if __name__=="__main__":
    """Sample data section and runs...see headers"""
    X = [6,7,8,3,6,8,3,2,7,9];  Y = [0,9,6,2,0,6,2,5,9,4]
    G = [4,2,1,4,3,2,2,3,4,1];  T = ['a','c','b','a','a','b','a','c','d','b']
    dt = [('X','f8'),('Y','f8'),('Group','i4'),('Text','|S5')]
    arr_0 = np.array(zip(X,Y,G,T),dtype=dt)
    uniq_0,idx_0,arr_u0 = get_unique(arr_0[['X','Y']])
    frmt = "\narr_0[['X','Y']]...\nInput:\n{}\nOutput:\n{}\nIndices\n{}\nSliced:\n{}"
    print(frmt.format(arr_0,uniq_0,idx_0,arr_u0))

 

Which yields the following results

 

arr_0[['X','Y']]...
Input:
[(6.0, 0.0, 4, 'a') (7.0, 9.0, 2, 'c') (8.0, 6.0, 1, 'b')
(3.0, 2.0, 4, 'a') (6.0, 0.0, 3, 'a') (8.0, 6.0, 2, 'b')
(3.0, 2.0, 2, 'a') (2.0, 5.0, 3, 'c') (7.0, 9.0, 4, 'd')
(9.0, 4.0, 1, 'b')]
Output:
[[(2.0, 5.0)]
[(3.0, 2.0)]
[(6.0, 0.0)]
[(7.0, 9.0)]
[(8.0, 6.0)]
[(9.0, 4.0)]]
Indices
[7 3 0 1 2 9]
Sliced:
[(6.0, 0.0) (7.0, 9.0) (8.0, 6.0) (3.0, 2.0) (2.0, 5.0)
(9.0, 4.0)]

 

The arr_0 output is your conventional recarray output with everything wrapped around making it hard to read.  The Output section showsn the unique X,Y values in the array in sorted order, which is the default.  The Indices output is the location in the original array where the entries in the sorted Output can be found.  To produce the Sliced incarnation, I sorted the Indices, then used the sorted indices to slice the rows out of the original array.

 

Voila...take a table, make it an array...find all the unique entries based upon the whole array, or a column or columns, then slice and dice to get your desired output.  In any event, it is possible to terminate the process at any point and just find the unique values in a column for instance.

 

The next case will show how to deal with ndarrays which consist of a uniform data type and the above example will not work.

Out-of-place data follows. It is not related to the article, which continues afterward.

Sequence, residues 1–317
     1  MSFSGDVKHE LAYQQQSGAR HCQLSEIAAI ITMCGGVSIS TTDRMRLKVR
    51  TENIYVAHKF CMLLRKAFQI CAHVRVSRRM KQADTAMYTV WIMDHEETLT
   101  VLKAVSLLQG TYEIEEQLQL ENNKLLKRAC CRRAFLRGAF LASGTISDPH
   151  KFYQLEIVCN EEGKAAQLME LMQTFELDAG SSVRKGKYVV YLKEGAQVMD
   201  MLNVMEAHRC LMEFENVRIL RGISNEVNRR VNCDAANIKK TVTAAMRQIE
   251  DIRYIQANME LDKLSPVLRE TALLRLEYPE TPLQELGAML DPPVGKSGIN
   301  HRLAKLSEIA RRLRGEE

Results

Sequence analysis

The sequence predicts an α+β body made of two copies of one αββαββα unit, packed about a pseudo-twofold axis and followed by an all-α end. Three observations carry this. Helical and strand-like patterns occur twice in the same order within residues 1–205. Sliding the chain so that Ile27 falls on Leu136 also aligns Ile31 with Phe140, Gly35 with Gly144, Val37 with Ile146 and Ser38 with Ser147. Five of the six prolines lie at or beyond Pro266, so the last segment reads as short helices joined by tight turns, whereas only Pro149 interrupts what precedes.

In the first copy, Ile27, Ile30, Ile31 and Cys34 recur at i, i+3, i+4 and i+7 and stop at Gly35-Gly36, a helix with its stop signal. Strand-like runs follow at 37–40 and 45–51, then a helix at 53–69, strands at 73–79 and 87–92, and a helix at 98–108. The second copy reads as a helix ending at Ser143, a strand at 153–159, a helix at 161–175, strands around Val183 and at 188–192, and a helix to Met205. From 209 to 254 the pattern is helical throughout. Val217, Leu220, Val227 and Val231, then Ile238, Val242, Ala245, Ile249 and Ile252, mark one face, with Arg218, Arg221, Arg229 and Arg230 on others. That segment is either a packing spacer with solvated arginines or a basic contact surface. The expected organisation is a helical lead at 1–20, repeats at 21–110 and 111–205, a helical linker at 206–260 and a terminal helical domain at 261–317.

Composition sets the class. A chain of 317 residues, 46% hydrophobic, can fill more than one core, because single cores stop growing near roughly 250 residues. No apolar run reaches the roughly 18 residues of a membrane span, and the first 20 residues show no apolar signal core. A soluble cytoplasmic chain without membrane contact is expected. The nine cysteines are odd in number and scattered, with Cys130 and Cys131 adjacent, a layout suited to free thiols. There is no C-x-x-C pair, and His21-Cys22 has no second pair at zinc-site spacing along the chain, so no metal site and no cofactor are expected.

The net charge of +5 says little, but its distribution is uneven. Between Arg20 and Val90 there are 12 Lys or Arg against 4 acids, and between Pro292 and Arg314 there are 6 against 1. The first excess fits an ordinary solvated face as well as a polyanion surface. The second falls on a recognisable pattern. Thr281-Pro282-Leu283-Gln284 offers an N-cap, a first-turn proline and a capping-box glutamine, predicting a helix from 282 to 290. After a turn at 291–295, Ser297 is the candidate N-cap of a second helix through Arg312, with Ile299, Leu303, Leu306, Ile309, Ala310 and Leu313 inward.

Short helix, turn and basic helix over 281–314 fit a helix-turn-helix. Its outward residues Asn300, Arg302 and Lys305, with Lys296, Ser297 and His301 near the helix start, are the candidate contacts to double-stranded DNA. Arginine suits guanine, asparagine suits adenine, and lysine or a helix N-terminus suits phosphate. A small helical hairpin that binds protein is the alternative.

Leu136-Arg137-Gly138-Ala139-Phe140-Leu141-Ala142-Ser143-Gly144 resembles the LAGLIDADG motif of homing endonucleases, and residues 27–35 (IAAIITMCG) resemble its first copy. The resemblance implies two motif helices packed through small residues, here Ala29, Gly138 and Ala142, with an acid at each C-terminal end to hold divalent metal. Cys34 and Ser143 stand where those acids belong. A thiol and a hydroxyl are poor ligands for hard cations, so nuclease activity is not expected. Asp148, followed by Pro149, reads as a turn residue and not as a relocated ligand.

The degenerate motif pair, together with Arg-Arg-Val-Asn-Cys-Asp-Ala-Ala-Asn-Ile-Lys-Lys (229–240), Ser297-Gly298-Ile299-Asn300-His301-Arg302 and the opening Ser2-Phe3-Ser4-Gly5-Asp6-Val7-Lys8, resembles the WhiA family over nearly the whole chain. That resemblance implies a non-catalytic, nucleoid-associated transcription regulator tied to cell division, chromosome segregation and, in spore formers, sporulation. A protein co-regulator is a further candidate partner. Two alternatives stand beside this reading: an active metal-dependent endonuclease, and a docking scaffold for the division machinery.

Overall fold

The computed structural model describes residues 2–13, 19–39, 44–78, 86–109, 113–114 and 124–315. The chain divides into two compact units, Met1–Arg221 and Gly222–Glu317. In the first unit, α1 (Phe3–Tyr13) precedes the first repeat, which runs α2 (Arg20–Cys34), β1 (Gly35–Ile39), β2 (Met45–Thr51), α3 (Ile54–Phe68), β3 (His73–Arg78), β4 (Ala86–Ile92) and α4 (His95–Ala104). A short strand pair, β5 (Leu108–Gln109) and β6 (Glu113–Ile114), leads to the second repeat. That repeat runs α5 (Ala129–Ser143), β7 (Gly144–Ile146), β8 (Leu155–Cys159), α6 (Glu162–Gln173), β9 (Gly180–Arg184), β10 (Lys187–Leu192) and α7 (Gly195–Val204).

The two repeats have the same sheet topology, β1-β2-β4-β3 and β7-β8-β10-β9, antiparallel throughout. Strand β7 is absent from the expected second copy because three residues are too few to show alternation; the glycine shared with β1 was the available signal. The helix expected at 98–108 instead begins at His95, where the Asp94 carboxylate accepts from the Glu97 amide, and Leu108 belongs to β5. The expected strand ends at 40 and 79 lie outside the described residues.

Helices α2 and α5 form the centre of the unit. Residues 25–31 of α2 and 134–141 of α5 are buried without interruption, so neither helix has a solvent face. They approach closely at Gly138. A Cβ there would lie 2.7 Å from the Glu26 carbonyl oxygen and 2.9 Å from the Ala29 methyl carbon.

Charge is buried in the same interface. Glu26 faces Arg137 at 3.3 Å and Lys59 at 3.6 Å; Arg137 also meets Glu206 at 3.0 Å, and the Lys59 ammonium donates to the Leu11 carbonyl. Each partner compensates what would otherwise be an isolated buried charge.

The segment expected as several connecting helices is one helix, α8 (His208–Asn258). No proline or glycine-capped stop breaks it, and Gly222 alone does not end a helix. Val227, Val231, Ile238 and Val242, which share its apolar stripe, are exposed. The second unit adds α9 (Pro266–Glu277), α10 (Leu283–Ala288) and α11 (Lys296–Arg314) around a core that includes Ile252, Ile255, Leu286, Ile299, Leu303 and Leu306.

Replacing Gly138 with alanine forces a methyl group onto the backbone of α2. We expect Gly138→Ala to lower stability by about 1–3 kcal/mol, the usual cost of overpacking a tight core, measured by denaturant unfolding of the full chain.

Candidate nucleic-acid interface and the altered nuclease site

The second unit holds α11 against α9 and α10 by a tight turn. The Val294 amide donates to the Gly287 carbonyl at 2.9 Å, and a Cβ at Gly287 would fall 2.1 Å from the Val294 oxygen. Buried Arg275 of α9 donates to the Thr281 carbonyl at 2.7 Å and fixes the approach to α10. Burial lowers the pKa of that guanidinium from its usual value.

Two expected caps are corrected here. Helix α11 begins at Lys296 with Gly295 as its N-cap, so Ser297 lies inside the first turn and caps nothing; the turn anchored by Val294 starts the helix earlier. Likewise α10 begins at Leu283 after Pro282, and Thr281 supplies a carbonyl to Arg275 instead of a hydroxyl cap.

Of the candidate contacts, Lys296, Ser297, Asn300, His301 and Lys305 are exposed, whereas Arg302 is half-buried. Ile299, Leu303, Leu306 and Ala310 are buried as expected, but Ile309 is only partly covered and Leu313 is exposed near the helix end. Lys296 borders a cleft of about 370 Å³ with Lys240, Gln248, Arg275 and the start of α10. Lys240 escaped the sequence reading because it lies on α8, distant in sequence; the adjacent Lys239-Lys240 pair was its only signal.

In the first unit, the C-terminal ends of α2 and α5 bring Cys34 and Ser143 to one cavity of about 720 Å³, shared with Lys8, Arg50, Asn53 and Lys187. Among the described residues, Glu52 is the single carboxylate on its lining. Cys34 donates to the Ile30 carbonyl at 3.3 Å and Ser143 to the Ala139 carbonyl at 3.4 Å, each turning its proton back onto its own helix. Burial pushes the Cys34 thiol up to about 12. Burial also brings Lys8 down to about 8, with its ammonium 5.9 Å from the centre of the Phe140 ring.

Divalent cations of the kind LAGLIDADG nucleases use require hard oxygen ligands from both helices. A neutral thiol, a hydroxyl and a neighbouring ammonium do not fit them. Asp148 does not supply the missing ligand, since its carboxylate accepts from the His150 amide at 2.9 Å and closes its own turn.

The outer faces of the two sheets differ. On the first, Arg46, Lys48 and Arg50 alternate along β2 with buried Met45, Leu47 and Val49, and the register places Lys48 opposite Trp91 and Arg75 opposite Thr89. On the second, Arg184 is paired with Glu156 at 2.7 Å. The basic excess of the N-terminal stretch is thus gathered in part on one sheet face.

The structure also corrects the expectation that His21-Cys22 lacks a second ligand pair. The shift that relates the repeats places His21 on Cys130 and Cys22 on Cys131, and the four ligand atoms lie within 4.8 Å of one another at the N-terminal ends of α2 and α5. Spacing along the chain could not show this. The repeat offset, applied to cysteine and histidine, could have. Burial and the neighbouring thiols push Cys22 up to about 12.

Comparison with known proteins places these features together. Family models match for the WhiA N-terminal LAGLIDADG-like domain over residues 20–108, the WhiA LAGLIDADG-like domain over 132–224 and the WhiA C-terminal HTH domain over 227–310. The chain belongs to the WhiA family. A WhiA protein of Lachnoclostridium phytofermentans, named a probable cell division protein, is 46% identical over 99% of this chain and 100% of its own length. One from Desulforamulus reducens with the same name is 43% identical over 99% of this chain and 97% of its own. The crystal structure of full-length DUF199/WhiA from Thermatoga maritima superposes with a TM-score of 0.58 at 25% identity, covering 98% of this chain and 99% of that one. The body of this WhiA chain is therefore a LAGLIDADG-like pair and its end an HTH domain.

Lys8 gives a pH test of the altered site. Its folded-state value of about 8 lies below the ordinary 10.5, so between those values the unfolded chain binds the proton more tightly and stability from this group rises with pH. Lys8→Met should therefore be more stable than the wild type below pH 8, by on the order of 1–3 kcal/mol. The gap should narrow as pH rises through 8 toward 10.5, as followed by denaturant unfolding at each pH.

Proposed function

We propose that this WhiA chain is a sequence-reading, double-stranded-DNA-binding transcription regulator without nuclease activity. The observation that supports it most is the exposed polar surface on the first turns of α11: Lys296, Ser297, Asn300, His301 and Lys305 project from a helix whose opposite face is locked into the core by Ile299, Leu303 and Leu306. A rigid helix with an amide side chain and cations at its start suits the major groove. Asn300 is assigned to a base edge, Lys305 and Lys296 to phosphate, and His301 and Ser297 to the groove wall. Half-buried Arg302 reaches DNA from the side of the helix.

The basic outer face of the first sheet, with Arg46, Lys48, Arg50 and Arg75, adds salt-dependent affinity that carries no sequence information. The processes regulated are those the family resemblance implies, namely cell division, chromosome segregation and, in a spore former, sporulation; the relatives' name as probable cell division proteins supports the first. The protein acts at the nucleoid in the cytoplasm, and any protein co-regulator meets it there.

Of course there is a workaround.  To that end, consider the small def from a series I maintain, that shows how to recast an ndarray with a single dtype to a named structured array and a recarray.  Once you have fiddled with the parts, you can 

  • determine the unique records (aka rows)
  • get them in sorted order or
  • maintain the original order of the data

 

# ----------------------------------------------------------------------
# num_42 comment line above def
def num_42():
    """(num_42)...unique while maintaining order from the original array
    :Requires: import numpy as np
    :--------
    :Notes:  see my blog for format posts, there are several
    :-----
    : format tips
    : simple  ["f{}".format(i) for i in range(2)]
    :         ['f0', 'f1']
    : padded  ["a{:0>{}}".format(i,3) for i in range(5)]
    :         ['a000', 'a001', 'a002', 'a003', 'a004']
    """

    a = np.array([[2, 0], [1, 0], [0, 1], [1, 0], [1, 2], [1, 2]])
    shp = a.shape
    dt_name = a.dtype.name
    flds = ["f{:0>{}}".format(i,2) for i in range(shp[1])]
    dt = [(fld, dt_name) for fld in flds]
    b = a.view(dtype=dt).squeeze()  # type=np.recarray,
    c, idx = np.unique(b, return_index=True)
    d = b[idx]
    return a, b, c, idx, d

 

The results are pretty well as expected.  

  1. Array 'a' has a uniform dtype.
  2. The shape and dtype name were used to produce a set of field names (see flds and dt construction).
  3. Once the dtype was constructed, a structured or recarray can be created ( 'b' as structured  array).
  4. The unique values in array 'b' are returned in sorted order ( array 'c', see line 21)
  5. The indices of the first occurrence of the unique values are also returned (indices, idx, see line 21)
  6. The input structured array, 'b', was then sliced using the indices obtained.
>>> a
array([[2, 0],
       [1, 0],
       [0, 1],
       [1, 0],
       [1, 2],
       [1, 2]])
>>> b
array([(2, 0), (1, 0), (0, 1), (1, 0), (1, 2), (1, 2)],
      dtype=[('f00', '<i8'), ('f01', '<i8')])
>>> c
array([(0, 1), (1, 0), (1, 2), (2, 0)],
      dtype=[('f00', '<i8'), ('f01', '<i8')])
>>> idx
array([2, 1, 4, 0])
>>> d
array([(0, 1), (1, 0), (1, 2), (2, 0)],
      dtype=[('f00', '<i8'), ('f01', '<i8')])
>>> # or via original order.... just sort the indices
>>> idx_2 = np.sort(idx)
>>> idx_2
array([0, 1, 2, 4])
>>> b[idx_2]
array([(2, 0), (1, 0), (0, 1), (1, 2)],
      dtype=[('f00', '<i8'), ('f01', '<i8')])

 

I am sure a few of you (ok, maybe one), is saying 'but the original array was a Nx2 array with a uniform dtype?  Well I will leave the solution for you to ponder.  Once you understand it, you will see that it isn't that difficult and you only need  a few bits of information... the original array 'a' dtype, and shape and the unique array's shape...

 

>>> e = d.view(dtype=a.dtype).reshape(d.shape[0],a.shape[1])
>>> e
array([[0, 1],
       [1, 0],
       [1, 2],
       [2, 0]])

 

These simple examples can be upcaled quite a bit in terms of the number of row and columns and which ones you need to participate in the uniqueness quest.

That's all for now.